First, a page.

Dow Sails to Another New Record

The blue-chip benchmark set a new all-time intraday high for a second straight day. Also in focus: Wal-Mart, automakers

It was higher and higher for Wall Street on Wednesday, as the Dow Jones industrial average touched a new intraday record en route to its second consecutive all-time closing high. Oil's recent downtrend and mild comments from Federal Reserve Chairman Ben Bernanke helped stocks mount a broad advance despite a reduced sales estimate from Wal-Mart (WMT).

The Dow rose 123.27 points, or 1.05%, to 11,850.61, its best-ever closing level, after hitting a new all-time intraday high of 11,851.25. That topped yesterday's 11,727.34 close and intraday peak of 11,758.95. The broader Standard & Poor's 500 index added 16.11 points, or 1.21%, to 1,350.22. The tech-heavy Nasdaq composite climbed 47.3 points, or 2.11%, to 2,290.95.

NYSE breadth was decidedly positive, with 26 issues advancing for every seven declining. Nasdaq breadth was 22-9 positive.

Investors were cheering falling oil prices, some analysts say. "Even though oil is up today, we're still trying to play catch-up in terms of the drop that we've seen over the last couple of trading sessions," says Chris Johnson, managing quantitative analyst at Shaeffer's Investment Research.

In the energy markets, November West Texas Intermediate crude oil futures closed up 73 cents at $59.41 a barrel, after briefly slipping below $58 as a weekly inventory report revealed an unexpected surge in crude supplies. The short-lived price decline reportedly prompted short-covering, though supply fundamentals are still bearish, says Action Economics.

Remarks by the Fed's Bernanke helped raise hopes the central bank will keep interest rates unchanged and possibly lower rates soon, says Standard & Poor's Equity Research. In a question-and-answer session, Bernanke said a "substantial correction" in the housing market could shave one percentage point from economic growth for the second half of 2006. However, the Fed chief said inflation remains a near-term challenge.

Other economic data also painted a picture of a slowing economy. The Institute for Supply Management's (ISM) services index dropped to 52.9 in September, below expectations, from 57 in August. Factory goods orders were flat in August, as expected, following a 1% decline in July.

A pair of employment reports indicated possible softness in the labor market ahead of Friday's closely watched jobs data. The ADP employment index rose 78,000 in September, below its 107,000 pace in August, while the Hudson employment index fell 2.3% to 100.5 in September, its least optimistic level in a year. On the calendar Thursday is the release of weekly jobless claims.

In corporate news, Wal-Mart lowered its monthly sales forecast Wednesday. Shares of the retail giant edged higher after falling more than 2% in early going as the company said same-store sales will rise 1.3% in September, down from an earlier projection for 1.8% growth.

Automakers drew attention following a pair of analyst calls. Bear Stearns downgraded Ford (F) from outperform to peer perform, but shares rose. The brokerage also raised its rating on General Motors (GM) from underperform to peer perform.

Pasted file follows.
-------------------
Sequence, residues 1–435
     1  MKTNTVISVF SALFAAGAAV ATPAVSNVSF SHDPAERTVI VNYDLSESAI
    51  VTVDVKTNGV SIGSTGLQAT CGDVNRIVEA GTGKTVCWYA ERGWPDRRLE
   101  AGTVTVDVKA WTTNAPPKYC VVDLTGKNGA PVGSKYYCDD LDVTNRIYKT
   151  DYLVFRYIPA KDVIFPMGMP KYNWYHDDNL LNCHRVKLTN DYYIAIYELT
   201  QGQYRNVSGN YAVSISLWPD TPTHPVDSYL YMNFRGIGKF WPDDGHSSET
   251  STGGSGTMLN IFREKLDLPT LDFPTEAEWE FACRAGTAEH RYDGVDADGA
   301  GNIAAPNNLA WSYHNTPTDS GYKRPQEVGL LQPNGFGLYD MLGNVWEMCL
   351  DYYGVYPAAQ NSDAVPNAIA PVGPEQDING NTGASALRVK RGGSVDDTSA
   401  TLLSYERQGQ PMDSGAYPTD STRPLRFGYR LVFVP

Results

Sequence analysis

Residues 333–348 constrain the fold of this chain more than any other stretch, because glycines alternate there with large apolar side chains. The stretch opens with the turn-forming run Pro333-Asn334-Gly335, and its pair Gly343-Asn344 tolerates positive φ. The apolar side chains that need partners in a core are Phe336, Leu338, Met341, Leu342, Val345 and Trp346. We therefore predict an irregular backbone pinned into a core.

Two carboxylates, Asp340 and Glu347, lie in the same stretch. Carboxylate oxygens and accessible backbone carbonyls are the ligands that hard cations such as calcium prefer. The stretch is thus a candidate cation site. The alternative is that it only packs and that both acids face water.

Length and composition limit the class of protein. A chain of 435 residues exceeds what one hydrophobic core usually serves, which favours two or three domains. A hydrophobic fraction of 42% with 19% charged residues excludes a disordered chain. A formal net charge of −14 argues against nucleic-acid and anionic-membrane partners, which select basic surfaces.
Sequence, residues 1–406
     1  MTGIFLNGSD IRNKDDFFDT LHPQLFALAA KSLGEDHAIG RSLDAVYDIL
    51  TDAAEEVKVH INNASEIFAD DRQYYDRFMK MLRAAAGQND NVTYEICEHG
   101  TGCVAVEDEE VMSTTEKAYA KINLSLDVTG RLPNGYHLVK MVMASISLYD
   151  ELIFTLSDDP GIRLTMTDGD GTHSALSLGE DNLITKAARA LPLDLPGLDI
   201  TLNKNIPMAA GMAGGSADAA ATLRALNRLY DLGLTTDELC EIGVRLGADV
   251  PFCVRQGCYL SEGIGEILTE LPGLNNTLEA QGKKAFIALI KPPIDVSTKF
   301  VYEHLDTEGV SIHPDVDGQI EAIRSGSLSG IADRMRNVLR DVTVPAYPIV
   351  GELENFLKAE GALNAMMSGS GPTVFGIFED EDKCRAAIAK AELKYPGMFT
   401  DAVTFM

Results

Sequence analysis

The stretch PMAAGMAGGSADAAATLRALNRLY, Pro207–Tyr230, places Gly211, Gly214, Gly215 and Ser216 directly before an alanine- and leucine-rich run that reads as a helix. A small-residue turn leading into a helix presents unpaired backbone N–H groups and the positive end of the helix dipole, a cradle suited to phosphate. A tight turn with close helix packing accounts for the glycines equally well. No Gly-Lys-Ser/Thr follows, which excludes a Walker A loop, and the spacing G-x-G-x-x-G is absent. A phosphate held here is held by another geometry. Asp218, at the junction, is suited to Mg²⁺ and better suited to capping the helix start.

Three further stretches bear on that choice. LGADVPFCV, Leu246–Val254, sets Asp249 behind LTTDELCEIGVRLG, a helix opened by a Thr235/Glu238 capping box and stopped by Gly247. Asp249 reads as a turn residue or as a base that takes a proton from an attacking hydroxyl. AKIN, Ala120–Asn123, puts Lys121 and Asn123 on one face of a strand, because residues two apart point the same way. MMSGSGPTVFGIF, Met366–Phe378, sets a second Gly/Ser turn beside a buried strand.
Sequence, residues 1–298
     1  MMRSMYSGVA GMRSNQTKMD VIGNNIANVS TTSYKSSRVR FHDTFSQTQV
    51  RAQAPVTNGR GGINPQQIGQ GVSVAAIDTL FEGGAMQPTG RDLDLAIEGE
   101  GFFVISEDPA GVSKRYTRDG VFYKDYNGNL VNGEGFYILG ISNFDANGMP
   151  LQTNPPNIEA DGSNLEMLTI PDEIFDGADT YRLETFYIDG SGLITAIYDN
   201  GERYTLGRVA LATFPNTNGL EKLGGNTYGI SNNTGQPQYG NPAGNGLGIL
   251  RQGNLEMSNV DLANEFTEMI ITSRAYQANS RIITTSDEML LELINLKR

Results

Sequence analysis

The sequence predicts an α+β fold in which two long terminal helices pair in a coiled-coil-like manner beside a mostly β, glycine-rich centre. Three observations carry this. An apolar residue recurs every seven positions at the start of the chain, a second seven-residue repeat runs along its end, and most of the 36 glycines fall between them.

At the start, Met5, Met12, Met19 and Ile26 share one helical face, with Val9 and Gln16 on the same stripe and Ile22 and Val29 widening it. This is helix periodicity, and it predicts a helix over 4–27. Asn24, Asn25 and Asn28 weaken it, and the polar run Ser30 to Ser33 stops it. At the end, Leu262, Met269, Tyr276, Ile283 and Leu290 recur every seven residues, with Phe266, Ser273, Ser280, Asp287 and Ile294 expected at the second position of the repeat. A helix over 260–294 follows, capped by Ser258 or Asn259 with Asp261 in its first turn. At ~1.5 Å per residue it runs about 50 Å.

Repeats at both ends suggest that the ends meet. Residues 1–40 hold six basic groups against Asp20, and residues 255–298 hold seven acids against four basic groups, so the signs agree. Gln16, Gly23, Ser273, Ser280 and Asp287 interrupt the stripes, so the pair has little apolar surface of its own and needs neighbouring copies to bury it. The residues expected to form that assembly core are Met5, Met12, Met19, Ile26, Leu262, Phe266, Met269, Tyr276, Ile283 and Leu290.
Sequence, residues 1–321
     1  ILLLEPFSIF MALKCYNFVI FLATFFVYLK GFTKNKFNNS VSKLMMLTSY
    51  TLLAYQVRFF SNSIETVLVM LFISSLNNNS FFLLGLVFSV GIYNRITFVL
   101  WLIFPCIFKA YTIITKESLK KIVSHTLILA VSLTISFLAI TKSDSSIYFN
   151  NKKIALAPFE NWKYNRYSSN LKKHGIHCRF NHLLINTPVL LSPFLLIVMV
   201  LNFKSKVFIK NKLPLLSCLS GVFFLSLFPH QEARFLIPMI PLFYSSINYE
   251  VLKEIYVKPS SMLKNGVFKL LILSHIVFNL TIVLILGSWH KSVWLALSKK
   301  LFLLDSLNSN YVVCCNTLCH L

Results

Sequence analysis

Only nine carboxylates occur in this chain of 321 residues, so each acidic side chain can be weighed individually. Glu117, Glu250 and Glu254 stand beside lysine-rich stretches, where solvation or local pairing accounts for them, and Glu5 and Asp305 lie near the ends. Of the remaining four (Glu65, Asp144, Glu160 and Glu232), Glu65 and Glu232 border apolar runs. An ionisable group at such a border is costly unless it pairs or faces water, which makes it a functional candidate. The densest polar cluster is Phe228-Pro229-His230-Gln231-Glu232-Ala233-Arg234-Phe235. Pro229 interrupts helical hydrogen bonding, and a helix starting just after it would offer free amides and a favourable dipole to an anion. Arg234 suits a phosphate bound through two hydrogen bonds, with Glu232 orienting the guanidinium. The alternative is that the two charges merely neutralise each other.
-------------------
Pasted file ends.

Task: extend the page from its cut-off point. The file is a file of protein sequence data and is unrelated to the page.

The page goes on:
However, shares of GM slipped following reports the company and fellow automakers Nissan (NSANY) and Renault terminated talks about a possible alliance, citing differences over specifics.

Also in autos, Toyota (TM) was higher after Bank of America upgraded the stock from buy from neutral.

Digital-video recording company TiVo (TIVO) was down sharply after a federal appeals court granted EchoStar Communications (DISH) a stay on an injunction that would have prevented the satellite outfit from selling certain DVR products in the U.S.

Meanwhile, XM Satellite Radio (XMSR) was lower after the company said it added more than 285,000 new subscribers during the third quarter, bring its total to more than 7.2 million. Separately, George Haywood resigned from the satellite-radio broadcaster's board of directors.

Rival Sirius Satellite Radio (SIRI) was also lower after the company said it ended the third quarter with 5.1 million subscribers, up 135% from a year earlier.

Elsewhere, Saks (SKS) was higher as the upscale department-store operator said it plans to pay a special dividend of $4 per share, or a total of about $550 million.

European markets finished higher. In London, the Financial Times-Stock Exchange 100 index rose 29.4 points, or 0.5%, to 5,966.5. Germany's DAX index added 54.15 points, or 0.9%, to 6,046.37. In Paris, the CAC 40 index was up 36.76 points, or 0.7%, to 5,256.55.

Asian markets ended mostly lower. Japan's Nikkei 225 index lost 159.54 points, or 0.98%, to 16,082.55. In Hong Kong, the Hang Seng index gained 22.68 points, or 0.13%, to 17,629.21. Korea's Kospi index tumbled 22.22 points, or 1.62%, to 1,352.

Treasury Market

Treasury yields dipped following the soft payrolls indicators, the weak ISM report, and the lack of policy references in Bernanke's remarks. The 10-year note rose in price to 102-15/32 for a yield of 4.56%, while the 30-year bond advanced to 96-19/32 for a yield of 4.72%. A big drop in the prices paid component of the ISM services index fanned bond bulls' hopes for no more rate increases this year, says S&P.